Kitchen Before & After: A Small Outdated Kitchen Gets a Fantastic Green Makeover
Stephanie and Jon had wanted to redo the kitchen in their 680-square-foot Madison home for 18 years. They knew the space was sad; as it was, there was little storage and workspace, cabinet doors didn’t close, and the room lacked any and all personality. Then they saw that, thanks to a grant, a local green-building consulting firm was offering design plans at a discount. The result: a kitchen with improved functionality and a look as fresh as a blue sky on a sunny day.
Stephanie and Jon were already living the green life when they decided to renovate their kitchen. Living on a bike path, they walk or cycle to their workplaces. Both are leaders in non-profit “time bank” organizations that allow members to exchange services through mutual credit programs. They are also small business owners, so thinking about efficiency, sustainability–and tight budgets–comes naturally.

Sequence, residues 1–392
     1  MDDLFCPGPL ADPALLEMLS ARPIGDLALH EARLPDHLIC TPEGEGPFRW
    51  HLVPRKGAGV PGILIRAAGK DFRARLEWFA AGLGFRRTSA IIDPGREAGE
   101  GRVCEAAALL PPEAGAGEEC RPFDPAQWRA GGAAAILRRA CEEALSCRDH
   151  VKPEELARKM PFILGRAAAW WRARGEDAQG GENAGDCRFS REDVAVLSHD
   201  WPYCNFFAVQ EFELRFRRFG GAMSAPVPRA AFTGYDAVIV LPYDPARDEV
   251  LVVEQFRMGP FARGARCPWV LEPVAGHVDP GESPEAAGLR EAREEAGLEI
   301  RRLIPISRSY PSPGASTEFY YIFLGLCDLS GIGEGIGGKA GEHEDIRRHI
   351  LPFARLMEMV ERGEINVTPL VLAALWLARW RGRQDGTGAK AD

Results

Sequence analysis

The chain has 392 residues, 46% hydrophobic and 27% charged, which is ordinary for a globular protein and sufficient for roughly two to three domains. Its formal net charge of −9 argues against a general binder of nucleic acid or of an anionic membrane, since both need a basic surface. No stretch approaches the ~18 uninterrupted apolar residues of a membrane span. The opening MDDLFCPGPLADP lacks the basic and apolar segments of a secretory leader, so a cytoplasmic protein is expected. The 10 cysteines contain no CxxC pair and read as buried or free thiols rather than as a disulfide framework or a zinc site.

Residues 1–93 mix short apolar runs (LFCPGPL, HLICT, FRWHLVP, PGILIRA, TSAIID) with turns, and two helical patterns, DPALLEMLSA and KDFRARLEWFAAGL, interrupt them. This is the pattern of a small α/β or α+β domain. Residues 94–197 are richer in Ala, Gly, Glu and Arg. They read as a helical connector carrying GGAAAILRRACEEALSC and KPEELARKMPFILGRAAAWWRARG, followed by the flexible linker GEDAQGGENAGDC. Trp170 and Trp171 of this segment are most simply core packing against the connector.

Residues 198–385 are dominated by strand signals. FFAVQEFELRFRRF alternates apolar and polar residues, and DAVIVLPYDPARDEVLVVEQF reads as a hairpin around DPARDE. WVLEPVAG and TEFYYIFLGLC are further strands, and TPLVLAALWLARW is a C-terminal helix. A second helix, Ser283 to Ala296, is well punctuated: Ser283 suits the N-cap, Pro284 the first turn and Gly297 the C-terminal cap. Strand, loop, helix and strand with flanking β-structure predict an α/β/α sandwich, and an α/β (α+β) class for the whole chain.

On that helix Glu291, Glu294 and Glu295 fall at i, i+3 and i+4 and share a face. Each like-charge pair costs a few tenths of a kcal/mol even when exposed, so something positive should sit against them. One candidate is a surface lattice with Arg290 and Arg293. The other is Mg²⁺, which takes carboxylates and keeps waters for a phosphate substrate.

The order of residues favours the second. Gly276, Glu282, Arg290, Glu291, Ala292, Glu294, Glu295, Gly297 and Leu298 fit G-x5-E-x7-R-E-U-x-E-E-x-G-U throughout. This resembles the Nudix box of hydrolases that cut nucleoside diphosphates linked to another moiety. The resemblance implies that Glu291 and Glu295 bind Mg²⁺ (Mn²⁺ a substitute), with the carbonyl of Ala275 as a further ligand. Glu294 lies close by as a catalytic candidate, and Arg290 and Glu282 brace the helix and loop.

Madison Environmental Group drew up plans for making better use of the couple’s tight kitchen space. Stephanie and Jon took it from there, adapting things and executing the work with help of talented craftspeople.
While the footprint didn’t change, everything else did. A solar tube now lets in sunshine. Recycled glass tiles make a bright blue-and-white backsplash. Cabinet doors were crafted out of salvaged windows. Wood flooring came from Habitat ReStore.
A few creative touches add even more personality. Jon turned a bike wheel into a pot rack, and trompe l’oeil molding brought character to a boring back door. An Apartment Therapy post inspired the dish-drain shelf over the sink. And a savvy carpenter had the idea to set the Sun Frost fridge back into the wall to gain extra floor space.
Resources: Sun Frost refrigerator
Backsplash: Eco-Friendly Flooring
Lighting: LED under-counter lights
Design: Madison Environmental Group
Other: Dane County Time Bank
(Thanks, Stephanie and Jon!)
– Posted by Therese Maring from Apartment Therapy
(Images: Before by Sonya Newenhouse, After by Therese Maring)